“Breakfast at Tiffany’s” opens on Broadway this week. Although it has a promising cast, I predict the one to watch is the cat. If you remember the Audrey Hepburn movie, you may remember the cat without a name. He (or she) is a key element because it’s pretty much a metaphor for the life of the main character, Holly Golightly.
As Stephanie Clifford writes in the New York Times, “Holly explains that it is nameless because it doesn’t belong to anyone” and that “they are both independents who never made each other any promises.” During the play, the cat has to be passed from one actor to another, and then “Holly tosses the cat onto a city street, at which point in the play, the cat must run into the wings.”
The story development is annoying to cat lovers — that tossing the cat out to fend for him or herself is reprehensible. It makes you not like Holly Golightly one bit. But I’m not going to take issue with that here. No, here I’m talking about a play and actors and prima donnas (a category a cat surely falls into), and using the word “must” in a sentence with “cat” sounds like trouble to me.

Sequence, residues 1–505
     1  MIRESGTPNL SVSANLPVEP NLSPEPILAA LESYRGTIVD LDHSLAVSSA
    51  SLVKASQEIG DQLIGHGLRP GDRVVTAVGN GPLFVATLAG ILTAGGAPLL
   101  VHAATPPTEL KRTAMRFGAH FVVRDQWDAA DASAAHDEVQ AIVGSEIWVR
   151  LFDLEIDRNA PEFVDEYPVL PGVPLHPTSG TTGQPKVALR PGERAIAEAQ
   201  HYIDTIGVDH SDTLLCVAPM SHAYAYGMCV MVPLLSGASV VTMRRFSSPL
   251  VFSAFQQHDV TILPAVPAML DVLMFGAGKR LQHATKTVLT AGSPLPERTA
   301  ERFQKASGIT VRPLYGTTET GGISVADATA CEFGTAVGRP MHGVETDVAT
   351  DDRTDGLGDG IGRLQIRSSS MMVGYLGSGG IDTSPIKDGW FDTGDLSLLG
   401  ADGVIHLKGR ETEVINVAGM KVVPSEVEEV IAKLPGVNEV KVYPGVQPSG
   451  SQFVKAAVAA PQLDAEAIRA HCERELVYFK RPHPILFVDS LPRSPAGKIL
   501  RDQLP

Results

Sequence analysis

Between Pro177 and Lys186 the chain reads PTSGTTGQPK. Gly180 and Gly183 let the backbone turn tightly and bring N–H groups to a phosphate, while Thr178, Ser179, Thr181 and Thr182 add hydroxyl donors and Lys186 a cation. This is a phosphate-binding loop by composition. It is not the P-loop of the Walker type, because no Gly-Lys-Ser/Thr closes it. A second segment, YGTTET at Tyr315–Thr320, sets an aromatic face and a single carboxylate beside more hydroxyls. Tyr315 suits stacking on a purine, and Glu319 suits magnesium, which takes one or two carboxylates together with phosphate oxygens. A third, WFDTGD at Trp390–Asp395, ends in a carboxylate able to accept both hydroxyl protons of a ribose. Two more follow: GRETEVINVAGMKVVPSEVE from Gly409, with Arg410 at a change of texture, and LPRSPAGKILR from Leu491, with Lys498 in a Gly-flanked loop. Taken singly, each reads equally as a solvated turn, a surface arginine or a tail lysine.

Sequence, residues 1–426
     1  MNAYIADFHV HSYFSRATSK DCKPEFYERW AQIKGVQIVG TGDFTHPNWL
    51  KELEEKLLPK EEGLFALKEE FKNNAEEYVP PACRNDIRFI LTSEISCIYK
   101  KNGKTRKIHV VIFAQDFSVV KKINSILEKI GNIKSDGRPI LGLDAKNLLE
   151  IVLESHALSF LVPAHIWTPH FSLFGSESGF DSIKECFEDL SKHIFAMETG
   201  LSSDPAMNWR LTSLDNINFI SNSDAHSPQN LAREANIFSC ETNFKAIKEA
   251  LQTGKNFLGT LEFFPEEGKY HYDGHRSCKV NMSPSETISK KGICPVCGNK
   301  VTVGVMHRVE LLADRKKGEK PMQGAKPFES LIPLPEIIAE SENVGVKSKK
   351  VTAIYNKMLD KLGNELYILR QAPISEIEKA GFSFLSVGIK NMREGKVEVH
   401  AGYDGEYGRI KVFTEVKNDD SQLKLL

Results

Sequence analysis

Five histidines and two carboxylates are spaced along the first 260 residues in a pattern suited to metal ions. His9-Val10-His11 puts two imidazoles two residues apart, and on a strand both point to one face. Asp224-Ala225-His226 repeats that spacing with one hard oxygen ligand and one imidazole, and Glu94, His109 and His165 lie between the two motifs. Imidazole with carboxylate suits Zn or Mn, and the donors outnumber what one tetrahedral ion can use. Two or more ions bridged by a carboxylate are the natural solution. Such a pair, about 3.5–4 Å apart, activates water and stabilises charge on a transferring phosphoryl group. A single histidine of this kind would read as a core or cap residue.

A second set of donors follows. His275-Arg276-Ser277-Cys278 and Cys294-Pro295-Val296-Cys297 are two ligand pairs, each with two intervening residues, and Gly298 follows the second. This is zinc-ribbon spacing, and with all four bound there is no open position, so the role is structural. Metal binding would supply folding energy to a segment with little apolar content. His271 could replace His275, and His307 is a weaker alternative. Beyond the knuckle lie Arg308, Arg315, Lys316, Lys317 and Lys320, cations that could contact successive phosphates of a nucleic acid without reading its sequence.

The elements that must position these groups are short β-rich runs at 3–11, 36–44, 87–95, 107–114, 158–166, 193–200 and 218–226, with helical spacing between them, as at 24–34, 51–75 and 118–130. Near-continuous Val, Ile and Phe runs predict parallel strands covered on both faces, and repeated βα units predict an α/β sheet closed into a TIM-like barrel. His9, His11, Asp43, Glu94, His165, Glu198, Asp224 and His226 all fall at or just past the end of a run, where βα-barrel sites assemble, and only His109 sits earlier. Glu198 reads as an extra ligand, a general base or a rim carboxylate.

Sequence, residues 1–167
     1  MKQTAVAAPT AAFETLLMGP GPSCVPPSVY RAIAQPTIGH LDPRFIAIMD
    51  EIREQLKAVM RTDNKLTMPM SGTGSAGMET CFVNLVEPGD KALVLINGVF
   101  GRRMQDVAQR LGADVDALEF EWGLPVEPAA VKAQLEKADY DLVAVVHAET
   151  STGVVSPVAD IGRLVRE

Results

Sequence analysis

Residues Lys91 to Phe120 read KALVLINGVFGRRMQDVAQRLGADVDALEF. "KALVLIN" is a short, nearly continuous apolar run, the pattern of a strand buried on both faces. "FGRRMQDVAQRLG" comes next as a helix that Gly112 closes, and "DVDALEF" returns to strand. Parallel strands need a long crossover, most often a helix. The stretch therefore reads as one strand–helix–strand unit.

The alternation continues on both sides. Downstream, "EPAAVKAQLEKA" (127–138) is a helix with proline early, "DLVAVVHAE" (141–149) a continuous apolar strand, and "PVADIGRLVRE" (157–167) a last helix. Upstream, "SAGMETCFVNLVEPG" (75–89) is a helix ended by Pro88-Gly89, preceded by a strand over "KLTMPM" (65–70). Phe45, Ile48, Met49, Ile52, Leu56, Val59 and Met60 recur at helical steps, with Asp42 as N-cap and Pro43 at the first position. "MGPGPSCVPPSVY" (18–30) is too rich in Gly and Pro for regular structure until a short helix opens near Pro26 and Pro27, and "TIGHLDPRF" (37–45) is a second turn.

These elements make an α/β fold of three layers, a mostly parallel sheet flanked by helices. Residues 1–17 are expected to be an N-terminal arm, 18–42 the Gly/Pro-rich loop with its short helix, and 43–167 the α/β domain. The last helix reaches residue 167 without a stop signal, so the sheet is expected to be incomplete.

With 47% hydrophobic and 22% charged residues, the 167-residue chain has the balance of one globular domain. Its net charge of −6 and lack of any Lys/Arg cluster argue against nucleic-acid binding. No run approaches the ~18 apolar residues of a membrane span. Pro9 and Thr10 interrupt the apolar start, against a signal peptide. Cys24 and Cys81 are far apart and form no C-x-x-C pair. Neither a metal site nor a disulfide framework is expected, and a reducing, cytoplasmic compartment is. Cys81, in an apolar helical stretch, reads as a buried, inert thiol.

Babette Corellis of Dawn Animal Agency landed the job of training the cat for the play and uses verbal and hand signals and clicker training. Two cats, Montie and Vito, were in the running, but at the last minute Montie muffed it and Vito, a ginger-colored cat got the part. Time will tell if he has star quality.